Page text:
California will allow large theme parks to reopen with modifications when the counties where they’re located move into the state’s least-restrictive “yellow” tier, a change that likely puts theme parks at least weeks — and potentially months — away from resuming operations.
The announcement was made Tuesday by California Health and Human Services Secretary Dr. Mark Ghaly, who released the state’s much-anticipated reopening protocols for theme parks during the COVID-19 pandemic. The guidelines had been expected earlier this month but were delayed.
When theme parks do welcome back guests, larger locations will have to limit capacity to 25% and must require advance reservations, Ghaly said. Visitors will also have to wear face masks while in the parks, except when eating and drinking.
The county tier requirement means it’s unlikely that any of the popular Southern California theme parks will be open anytime soon.
Counties are assigned a tier for three weeks before they can move ahead with reopenings, and only when they meet the metrics of the next phase.
Orange and San Diego counties — homes to the Disneyland Resort, Knott’s Berry Farm, Legoland and SeaWorld — remain in the state’s “red” tier, which is the second most-restrictive tier and indicates “substantial” risk of COVID-19 spread.
Dr. Clayton Chau, director of the Orange County Health Care Agency, is not optimistic that the county will be in the “yellow” tier anytime soon.
“It depends on when the vaccine will come as well as how many doses [are] available for our populations as well as how many of our residents will readily accept the vaccine – those are the three factors that will determine how soon we can get to the yellow tier,” Chau said. “Personally, I think that we can look forward to a yellow tier by next summer, hopefully. Hopefully.”
Meanwhile, Los Angeles County — where Universal Studios Hollywood and Six Flags Magic Mountain are located — is still in the most-restrictive “purple” tier due to “widespread” risk of coronavirus transmission.
The guidelines give a bit more leeway to smaller amusement parks. They can reopen with modifications when their counties are in the “orange” tier, which is the third most restrictive tier. They will also have capacity limits — up to 25% or 500 guests, whichever is fewer — as well as reservation requirements. However, in the “orange” tier, ticket sales will be limited to people from the county, and only outdoor attractions can open.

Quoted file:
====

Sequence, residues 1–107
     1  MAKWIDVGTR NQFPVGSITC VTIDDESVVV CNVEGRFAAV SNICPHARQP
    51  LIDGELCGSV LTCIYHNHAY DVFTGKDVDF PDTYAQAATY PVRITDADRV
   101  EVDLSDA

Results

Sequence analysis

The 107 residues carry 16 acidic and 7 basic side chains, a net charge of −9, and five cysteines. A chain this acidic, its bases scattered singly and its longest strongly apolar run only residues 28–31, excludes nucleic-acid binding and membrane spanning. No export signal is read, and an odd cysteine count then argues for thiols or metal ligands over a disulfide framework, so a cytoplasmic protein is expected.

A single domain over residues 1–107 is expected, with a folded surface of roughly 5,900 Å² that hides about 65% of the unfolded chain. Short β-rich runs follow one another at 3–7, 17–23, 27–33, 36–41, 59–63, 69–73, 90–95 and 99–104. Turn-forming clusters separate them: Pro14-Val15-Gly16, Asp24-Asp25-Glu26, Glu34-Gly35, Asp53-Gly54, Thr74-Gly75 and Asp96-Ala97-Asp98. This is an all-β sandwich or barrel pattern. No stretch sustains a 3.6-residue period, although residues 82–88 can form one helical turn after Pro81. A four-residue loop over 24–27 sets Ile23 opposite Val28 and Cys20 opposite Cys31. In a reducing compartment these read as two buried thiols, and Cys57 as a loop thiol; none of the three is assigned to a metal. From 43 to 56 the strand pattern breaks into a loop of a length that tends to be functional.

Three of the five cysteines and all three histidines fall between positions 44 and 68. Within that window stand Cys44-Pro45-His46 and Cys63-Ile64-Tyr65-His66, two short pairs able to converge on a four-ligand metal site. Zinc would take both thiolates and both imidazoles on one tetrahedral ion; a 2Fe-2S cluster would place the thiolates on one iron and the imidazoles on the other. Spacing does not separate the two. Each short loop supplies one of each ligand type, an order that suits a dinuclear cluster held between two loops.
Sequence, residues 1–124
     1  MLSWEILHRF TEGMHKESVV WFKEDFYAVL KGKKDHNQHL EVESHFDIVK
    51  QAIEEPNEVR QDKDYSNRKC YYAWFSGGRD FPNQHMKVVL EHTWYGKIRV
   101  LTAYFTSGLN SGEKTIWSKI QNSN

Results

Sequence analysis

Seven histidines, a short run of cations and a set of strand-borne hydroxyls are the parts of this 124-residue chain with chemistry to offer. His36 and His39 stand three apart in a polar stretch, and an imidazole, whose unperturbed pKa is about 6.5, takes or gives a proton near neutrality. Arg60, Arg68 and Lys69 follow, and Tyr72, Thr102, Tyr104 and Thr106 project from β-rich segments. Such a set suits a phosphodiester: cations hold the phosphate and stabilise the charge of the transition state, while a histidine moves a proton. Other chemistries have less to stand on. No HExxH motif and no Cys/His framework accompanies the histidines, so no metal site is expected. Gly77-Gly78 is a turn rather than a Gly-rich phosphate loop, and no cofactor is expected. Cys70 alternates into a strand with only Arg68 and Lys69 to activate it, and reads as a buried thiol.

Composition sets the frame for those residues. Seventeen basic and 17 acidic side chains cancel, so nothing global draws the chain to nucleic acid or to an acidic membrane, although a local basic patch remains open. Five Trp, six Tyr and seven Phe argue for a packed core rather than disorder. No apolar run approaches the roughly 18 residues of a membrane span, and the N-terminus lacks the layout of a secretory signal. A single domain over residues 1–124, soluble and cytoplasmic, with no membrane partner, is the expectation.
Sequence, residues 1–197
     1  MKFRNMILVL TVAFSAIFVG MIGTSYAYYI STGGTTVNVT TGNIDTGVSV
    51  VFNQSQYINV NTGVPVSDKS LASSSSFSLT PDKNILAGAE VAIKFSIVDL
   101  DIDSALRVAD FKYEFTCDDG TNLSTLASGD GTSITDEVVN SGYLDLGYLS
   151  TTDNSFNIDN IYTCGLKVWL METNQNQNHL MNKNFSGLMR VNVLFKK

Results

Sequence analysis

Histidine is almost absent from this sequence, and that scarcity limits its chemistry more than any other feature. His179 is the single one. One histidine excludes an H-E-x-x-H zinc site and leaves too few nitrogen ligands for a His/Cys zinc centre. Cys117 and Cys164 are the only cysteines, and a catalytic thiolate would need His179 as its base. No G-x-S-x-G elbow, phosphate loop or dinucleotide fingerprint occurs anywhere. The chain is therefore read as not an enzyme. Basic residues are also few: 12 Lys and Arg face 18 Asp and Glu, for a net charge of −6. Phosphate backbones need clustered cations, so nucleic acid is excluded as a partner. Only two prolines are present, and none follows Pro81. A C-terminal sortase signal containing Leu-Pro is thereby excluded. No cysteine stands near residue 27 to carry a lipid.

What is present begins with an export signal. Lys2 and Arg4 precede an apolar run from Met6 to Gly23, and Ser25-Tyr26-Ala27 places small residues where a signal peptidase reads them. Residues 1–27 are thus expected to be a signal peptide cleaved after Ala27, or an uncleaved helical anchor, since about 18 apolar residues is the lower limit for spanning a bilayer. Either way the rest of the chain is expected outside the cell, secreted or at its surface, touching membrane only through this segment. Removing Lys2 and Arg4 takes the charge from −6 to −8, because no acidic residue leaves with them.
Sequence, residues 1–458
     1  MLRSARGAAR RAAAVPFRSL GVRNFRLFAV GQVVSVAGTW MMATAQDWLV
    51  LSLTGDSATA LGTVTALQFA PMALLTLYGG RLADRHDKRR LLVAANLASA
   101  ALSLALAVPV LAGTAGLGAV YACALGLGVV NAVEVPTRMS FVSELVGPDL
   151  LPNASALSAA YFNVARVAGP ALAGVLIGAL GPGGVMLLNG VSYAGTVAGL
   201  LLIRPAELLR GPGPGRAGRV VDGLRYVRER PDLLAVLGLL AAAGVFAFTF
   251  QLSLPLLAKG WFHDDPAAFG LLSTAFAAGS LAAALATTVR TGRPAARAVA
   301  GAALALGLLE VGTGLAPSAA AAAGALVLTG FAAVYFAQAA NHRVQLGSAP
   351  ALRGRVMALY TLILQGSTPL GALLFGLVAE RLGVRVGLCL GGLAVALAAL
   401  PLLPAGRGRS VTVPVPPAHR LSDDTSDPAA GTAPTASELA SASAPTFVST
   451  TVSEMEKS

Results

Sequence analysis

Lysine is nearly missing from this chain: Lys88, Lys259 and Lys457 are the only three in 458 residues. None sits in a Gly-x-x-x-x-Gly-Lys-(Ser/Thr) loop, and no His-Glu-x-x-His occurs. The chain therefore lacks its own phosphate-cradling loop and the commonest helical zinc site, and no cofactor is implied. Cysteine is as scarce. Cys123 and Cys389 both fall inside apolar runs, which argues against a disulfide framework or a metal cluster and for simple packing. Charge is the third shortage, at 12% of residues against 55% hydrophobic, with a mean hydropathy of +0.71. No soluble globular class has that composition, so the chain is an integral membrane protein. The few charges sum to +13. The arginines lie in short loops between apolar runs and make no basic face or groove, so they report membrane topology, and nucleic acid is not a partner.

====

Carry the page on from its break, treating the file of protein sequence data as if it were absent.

“There’s lots of work we can do together — both state, local, business leaders, community leaders, individuals — to do what we can to make sure that we reduce transmission throughout our county, and there is a path forward there,” Ghaly said. “We do not know when, but we do know how, and I think we’ll continue to put in the hard work to get us there one county at a time.”
Two weeks ago, Gov. Gavin Newsom cast doubt on whether the state’s larger theme parks would be allowed to resume operations in the near future.
“We don’t anticipate in the immediate term any of these larger theme parks opening until we see more stability in terms of the data,” Newsom said on earlier this month.
Since early last month, officials have repeatedly insisted the state was getting close to an unveiling the guidance before Newsom’s administration delayed the release on Oct. 2.
The new rules were unveiled as Disney officials, Orange County lawmakers and — most recently — unions representing Disneyland workers have all increased pressure on the state to issue guidance for the ailing sector, which has effectively been shut down since mid-March.
Disneyland responded within an hour of the release, slamming the guidelines as “arbitrary” and “unworkable, and saying California is holding the theme park sector “to a standard vastly different” from other businesses and facilities operated by the state.
“We have proven that we can responsibly reopen, with science-based health and safety protocols strictly enforced at our theme parks around the world. Nevertheless, the State of California continues to ignore this fact,” Disney officials said in the statement.
The company warned that the guidelines will have dire consequences, including more layoffs and the shuttering of smaller businesses.
“Together with our labor unions, we want to get people back to work, but these State guidelines will keep us shuttered for the foreseeable future, forcing thousands more people out of work, leading to investable closure of small family-owned businesses, and irreparably devastating the Anaheim/Southern California community,” the statement read.
The pandemic has already forced Walt Disney Co. to lay off thousands of workers — most of them part-time — from its parks division in the U.S., as COVID-19 forced the monthslong closures of Disneyland and Walt Disney World in Florida. Disney World reopened over the summer.
But the ongoing shuttering of theme parks in California is wreaking havoc economically at both the state and local levels. The Golden State overall is looking at losses of nearly $80 million in travel-related spending this year, according to the Associated Press.
Anaheim is also facing its own $100 million budget deficit, on top of an unemployment number that reached 15% in mid-September.
City leaders in Anaheim believe the new directive is too extreme and will have devastating effects on their community and others.
“This fails the working families and small businesses of Anaheim. As painful as this is, Disney and our city will survive. But too many Anaheim hotels, stores and restaurants will not survive another year of this,” Anaheim Mayor Harry Sidhu said.